Discussion in 'Trading Software' started by fable, Oct 24, 2003.
Your suggest will be appreciated.
Well it completely depends upon how you are trading. We use a database where each trade is entered with the entry, exit and cost paramters, as well as the justification for the entry and the exit. In this way each trade for each trader can be audited in a meaningful way that allows quality improvement. You could put this together in Access which would be a better long term solution than Excel.
I use Excel for my trading journal. I use table : each trade one row. Each column has something important for me. I do swingtrades.
My rows titles are:
trade type (symbol for my setup type)
based on these I do analysis using special tables funtions in Excel.
I have a very basic understanding of access. I am ok with excel however. Could you (if you have time) elaborate a little on how to set up such a beast in access? Why is it better? Is it something a novice could put together?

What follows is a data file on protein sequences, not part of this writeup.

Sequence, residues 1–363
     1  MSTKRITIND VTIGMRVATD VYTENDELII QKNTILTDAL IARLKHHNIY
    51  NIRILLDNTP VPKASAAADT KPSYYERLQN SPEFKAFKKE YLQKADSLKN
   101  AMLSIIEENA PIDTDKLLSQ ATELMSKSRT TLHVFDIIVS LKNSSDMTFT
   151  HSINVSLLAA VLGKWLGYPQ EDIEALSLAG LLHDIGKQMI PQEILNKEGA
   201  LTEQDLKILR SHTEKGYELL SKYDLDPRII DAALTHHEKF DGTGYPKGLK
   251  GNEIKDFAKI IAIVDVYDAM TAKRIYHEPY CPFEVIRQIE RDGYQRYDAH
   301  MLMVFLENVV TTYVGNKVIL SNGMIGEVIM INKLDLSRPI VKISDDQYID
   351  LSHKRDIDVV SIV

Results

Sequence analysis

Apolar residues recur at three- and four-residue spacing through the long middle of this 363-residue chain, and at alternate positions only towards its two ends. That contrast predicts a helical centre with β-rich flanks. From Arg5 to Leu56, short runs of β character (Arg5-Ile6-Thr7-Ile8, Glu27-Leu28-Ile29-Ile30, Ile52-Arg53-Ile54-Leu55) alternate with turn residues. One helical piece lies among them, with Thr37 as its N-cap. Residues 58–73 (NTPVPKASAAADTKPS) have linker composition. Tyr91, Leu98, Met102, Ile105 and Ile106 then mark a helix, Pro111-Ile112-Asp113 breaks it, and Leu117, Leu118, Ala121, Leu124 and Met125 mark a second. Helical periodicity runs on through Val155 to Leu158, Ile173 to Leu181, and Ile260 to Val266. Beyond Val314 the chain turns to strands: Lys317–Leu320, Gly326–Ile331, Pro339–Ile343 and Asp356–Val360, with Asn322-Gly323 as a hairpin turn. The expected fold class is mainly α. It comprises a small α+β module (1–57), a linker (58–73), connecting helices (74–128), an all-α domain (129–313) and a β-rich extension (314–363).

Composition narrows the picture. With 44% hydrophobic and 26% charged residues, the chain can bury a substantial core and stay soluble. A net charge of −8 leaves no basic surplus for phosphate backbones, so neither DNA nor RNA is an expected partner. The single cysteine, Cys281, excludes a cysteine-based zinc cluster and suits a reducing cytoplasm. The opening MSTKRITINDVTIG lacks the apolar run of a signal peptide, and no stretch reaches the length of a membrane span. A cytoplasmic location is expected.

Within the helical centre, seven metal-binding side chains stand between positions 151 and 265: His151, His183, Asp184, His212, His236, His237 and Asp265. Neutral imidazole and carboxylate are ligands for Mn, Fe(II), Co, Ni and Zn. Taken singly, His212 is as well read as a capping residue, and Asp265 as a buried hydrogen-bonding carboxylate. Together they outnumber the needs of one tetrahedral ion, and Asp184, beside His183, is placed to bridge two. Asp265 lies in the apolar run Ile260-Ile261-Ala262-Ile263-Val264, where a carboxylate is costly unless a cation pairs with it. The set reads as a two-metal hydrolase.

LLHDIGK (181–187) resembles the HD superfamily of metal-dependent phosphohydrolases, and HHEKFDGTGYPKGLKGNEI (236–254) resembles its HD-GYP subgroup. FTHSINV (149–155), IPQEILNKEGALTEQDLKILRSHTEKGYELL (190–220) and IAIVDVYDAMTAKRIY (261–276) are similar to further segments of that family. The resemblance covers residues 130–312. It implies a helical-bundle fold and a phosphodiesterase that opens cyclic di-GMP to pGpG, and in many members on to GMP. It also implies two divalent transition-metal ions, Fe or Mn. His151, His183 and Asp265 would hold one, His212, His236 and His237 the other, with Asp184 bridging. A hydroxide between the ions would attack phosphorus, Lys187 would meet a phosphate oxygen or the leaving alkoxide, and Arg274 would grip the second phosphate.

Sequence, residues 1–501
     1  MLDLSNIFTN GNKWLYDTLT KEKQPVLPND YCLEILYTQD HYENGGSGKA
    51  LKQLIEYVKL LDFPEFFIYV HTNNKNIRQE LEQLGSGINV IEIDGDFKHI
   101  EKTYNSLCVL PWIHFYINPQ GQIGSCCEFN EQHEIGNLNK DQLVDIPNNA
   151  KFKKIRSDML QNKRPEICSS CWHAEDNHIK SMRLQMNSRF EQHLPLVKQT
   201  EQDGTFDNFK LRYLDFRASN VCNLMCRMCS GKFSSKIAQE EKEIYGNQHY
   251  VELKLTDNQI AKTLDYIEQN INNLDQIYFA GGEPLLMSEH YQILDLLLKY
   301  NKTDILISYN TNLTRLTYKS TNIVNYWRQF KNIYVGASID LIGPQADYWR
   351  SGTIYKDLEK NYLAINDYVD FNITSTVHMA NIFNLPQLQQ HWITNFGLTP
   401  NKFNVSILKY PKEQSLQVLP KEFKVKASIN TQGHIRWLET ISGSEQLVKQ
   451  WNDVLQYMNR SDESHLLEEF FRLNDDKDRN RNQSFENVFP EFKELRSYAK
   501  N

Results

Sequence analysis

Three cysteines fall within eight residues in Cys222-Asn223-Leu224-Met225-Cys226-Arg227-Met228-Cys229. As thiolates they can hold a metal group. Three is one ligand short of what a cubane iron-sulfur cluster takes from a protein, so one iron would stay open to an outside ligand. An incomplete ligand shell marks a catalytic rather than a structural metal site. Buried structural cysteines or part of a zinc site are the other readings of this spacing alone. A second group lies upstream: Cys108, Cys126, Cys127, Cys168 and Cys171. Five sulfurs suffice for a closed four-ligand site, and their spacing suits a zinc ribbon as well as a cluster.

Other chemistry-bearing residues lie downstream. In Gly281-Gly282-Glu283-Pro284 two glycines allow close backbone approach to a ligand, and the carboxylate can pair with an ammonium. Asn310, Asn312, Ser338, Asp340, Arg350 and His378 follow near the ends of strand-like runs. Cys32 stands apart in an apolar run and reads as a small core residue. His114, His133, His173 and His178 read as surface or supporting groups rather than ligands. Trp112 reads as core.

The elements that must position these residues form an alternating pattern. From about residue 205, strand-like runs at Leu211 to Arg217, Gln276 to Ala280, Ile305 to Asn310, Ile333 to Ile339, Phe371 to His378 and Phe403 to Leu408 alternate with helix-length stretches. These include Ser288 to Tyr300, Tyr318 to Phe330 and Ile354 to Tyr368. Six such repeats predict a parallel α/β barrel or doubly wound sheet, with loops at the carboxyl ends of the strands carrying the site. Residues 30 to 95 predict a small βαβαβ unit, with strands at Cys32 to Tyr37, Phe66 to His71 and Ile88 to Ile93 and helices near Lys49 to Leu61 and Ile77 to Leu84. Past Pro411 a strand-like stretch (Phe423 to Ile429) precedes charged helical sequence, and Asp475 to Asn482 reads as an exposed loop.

Excel would work fine: For us everything in the company sits in a relational database. If you generate a lot of data, over time it is usually much better to have a relational stucture in place earlier rather than later: otherwise at some point you need to convert it from the nonrelational proprietary format of Excel - although you can link excel to an external database in order to process data but as the datasets get large and the processing nontrivial this will become too slow.
You could start off with excel and just take a look at Access - if you already have it - as a prelude for the future. Use the built-in help and wizards as learning tools. If you are just starting out the limitations of the Excel format will not be a problem for quite a while.
I've done a lot of trade analysis in Excel. I especially like the auto-filter tool, particularly if you have more than one strategy and like to do comparisons.
I'd go with richk's suggestions from earlier, but perhaps:
1) Go with your dates in mm/dd/yy format (in case you ever want to sort by another column and get back easily).
2) Enter your risk and your target (if applicable) to get a feel for your initial risk/reward ratio. You can compare this to your W/L ratio to see how your plan compares to actual.
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